Yahoo! is setting out to build a vast online library of copyright books that pleases publishers — something rival Google hasn’t achieved.
The Open Content Alliance, a project of Yahoo! and several other partners, plans to provide digital versions of books, academic papers, video and audio.
Much of the material will consist of copyright material submitted by publishers and authors, said David Mandelbrot, Yahoo!’s vice president of search content.
Other participants in the alliance being announced today include Adobe Systems, Hewlett-Packard, the Internet Archive, O’Reilly Media, the University of California and the University of Toronto.
Although Yahoo! will power the search engine located at www.opencontentalliance.org, all the content will be made available so it can be indexed by all major search engines, including Google’s.Boeing
Israel’s El Al to buy 2 long-range 777s
El Al Israel Airlines said yesterday it has signed an agreement with Boeing to buy two 777-200 ER jets for about $246 million.
Israel’s national carrier expects to take delivery of the long-range wide-body jets in 2007.
El Al operates an all-Boeing fleet of 34 aircraft, four of them leased. In September, El Al had said it would decide within three months whether to stick with Boeing for its new plane purchase or switch to rival Airbus for the first time.
The new planes will fly routes from Tel Aviv to the U.S. and Asia.General Motors
Canadian workers ratify 3-year pact
Unionized workers of General Motors of Canada voted to approve a three-year labor contract with the automaker, the Canadian Auto Workers union said yesterday.
The union said 80 percent of the 6,810 GM Canada workers who voted during the weekend accepted the deal reached less than an hour before a strike deadline last Tuesday.
The Canadian Auto Workers represents about 17,500 GM Canada workers.Paramount Home Entertainment
Blu-ray DVD format gets another backer
Paramount Home Entertainment is the latest company to back the Blu-ray Disc format as the next-generation DVD standard.
Paramount said yesterday it will join a growing list of media and technology companies endorsing Blu-ray that includes Sony, Apple Computer, Hewlett-Packard and Dell.
Paramount, whose hits include “Titanic” and “The Godfather,” will still market all its DVD movies in the competing HD DVD format so consumers can have a choice, company officials said.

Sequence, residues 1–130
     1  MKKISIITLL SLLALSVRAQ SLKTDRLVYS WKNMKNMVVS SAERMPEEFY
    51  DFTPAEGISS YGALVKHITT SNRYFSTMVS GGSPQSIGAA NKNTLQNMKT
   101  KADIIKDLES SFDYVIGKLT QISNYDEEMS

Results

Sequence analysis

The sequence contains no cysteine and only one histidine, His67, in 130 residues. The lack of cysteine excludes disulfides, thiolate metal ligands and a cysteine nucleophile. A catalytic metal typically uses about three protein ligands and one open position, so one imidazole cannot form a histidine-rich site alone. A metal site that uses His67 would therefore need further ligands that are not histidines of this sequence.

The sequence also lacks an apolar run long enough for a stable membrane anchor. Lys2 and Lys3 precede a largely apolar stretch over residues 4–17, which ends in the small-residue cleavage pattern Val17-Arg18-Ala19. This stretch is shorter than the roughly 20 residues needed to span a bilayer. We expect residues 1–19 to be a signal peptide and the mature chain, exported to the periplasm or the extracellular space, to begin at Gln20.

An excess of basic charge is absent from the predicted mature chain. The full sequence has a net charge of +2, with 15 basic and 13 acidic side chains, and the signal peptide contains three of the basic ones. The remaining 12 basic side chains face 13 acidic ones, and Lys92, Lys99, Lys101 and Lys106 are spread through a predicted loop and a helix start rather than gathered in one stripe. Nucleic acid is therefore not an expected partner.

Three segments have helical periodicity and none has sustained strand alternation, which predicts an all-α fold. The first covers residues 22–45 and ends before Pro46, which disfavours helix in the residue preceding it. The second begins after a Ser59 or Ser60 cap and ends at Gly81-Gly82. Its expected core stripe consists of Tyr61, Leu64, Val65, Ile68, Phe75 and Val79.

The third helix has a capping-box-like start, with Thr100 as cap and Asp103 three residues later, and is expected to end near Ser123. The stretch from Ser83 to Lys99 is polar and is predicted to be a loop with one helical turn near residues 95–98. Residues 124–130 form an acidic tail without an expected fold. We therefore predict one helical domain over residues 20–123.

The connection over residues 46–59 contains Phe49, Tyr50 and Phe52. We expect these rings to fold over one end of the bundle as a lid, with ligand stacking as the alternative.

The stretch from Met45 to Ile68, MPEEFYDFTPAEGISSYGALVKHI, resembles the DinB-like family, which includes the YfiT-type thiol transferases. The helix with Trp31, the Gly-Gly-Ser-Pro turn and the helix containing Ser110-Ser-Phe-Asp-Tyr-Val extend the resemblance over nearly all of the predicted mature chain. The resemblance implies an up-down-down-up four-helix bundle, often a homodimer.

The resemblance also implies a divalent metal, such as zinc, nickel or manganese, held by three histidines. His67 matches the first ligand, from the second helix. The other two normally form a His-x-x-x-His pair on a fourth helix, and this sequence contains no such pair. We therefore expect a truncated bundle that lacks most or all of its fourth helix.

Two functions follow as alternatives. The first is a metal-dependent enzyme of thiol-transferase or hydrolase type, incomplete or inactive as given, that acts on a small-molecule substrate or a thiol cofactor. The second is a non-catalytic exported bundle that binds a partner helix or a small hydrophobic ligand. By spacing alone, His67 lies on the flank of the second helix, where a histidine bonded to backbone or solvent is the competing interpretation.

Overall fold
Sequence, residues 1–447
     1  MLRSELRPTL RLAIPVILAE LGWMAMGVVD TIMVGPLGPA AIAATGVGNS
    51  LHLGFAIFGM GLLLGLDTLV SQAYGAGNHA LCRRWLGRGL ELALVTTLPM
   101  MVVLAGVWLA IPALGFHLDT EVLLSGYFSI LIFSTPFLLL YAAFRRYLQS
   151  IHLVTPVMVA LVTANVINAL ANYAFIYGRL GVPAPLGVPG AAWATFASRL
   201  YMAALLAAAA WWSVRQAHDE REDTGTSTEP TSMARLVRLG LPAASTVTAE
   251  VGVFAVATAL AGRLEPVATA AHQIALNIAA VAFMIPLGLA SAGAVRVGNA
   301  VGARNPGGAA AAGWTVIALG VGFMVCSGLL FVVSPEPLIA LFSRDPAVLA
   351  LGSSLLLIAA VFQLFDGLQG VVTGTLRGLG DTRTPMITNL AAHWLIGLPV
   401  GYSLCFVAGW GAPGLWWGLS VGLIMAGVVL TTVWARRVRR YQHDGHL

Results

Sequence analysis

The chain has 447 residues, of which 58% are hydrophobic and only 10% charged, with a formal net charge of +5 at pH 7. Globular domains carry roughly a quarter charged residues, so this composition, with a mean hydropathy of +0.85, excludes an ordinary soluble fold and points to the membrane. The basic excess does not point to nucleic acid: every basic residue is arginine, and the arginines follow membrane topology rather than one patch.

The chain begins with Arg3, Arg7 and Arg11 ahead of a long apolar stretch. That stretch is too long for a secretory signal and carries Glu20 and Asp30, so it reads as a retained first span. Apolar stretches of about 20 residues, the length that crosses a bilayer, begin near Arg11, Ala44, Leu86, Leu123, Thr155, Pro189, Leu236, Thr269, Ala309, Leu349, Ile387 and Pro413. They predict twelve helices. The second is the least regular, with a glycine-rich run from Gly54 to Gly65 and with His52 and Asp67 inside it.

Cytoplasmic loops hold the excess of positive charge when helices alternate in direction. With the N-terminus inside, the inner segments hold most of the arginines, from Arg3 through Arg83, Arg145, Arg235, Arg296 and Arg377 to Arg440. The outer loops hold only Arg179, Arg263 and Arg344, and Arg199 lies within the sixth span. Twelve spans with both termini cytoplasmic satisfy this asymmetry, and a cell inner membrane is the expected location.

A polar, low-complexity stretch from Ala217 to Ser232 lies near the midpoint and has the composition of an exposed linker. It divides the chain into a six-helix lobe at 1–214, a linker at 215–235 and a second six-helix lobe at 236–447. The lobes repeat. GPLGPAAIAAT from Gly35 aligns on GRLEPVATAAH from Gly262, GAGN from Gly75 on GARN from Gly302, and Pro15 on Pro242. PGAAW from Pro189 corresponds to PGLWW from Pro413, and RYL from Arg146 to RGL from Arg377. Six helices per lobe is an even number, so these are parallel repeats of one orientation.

Backers of HD DVD include Intel, Microsoft, Toshiba and Universal Studios and others.
Paramount decided to support the Blu-ray format after an analysis of the cost and copy protection solutions available, according to a prepared statement.
Paramount also said it was attracted by Blu-ray’s storage capacity, which is five times that of current DVDs.
Analysts say consumers are likely to stick with standard DVDs until there is a resolution.
Canada reviews plan for music business
The federal government is reviewing Starbucks’ proposal to start a retail music business in Toronto and wants to see if it will offer adequate Canadian content and hire plenty of Canadian workers.
Starbucks proposes an investment under its Hear Music brand, which it bought in 1999 as two existing music stores in California.
The Seattle-based coffee retailer has been aggressively expanding Hear Music in the United States.
The Department of Canadian Heritage ordered the review under the Investment Canada Act to determine the impact on Canadian culture.
A Starbucks spokeswoman would not provide information about the proposed Toronto business, except to say it’s not a Hear Music coffee house.
$5.8 billion deal for Texas Genco
NRG Energy is buying privately held power generator Texas Genco in a $5.8 billion cash and stock deal announced yesterday.
The deal represents the first major combination in the merchant power generating sector, which is filled with medium-sized players but few giants.
Princeton, N.J.-based NRG w will also assume about $2.5 billion in Texas Genco debt. The deal requires federal antitrust clearance and approval from the Federal Energy Regulatory Commission.
It may also require approval from the Public Utilities Commission of Texas, NRG said.
Firefox usage sees smaller gains
The heat behind Mozilla’s Firefox Web browser is cooling. A Web metrics firm, WebSideStory, reported the Firefox browser was used by 7.86 percent of Web users in September, barely a 1 percent increase since April.
“It looks like Firefox has hit the push-back point,” said Geoff Johnston, an analyst for the research firm.
The market share of Microsoft’s Internet Explorer was 88.46 percent, down 0.4 percent since April. Johnston said Firefox’s meager gains are coming at the expense of other browsers from Opera Software and Apple Computer’s Safari.Intel
Computers tailored to China, India
Intel says it is increasing research to develop computers tailored to faster-growing markets such as China and India.
“We have 60 million households in China that indicate they would love to have a PC if we can just address some of their unique cultural needs,” said Justin Rattner, the director of Intel’s technology group. Taking a step in that direction, he said that Intel developed a computer that helps children learn Chinese characters.
For the Indian market, Intel has developed a machine that has cooling-fan dust filters and can cope with power outages.
Digital-music player aimed at youths
Walt Disney Co. introduced a $49.99 digital audio player aimed at younger people.
The MP3/WMA player — called Mix Sticks — will let users download songs from the Internet, copy them from CDs or play music from memory cards. The devices can hold about 60 songs and can be expanded to about 500, Disney said.
Compiled from MarketWatch, Bloomberg News, Reuters and The Associated Press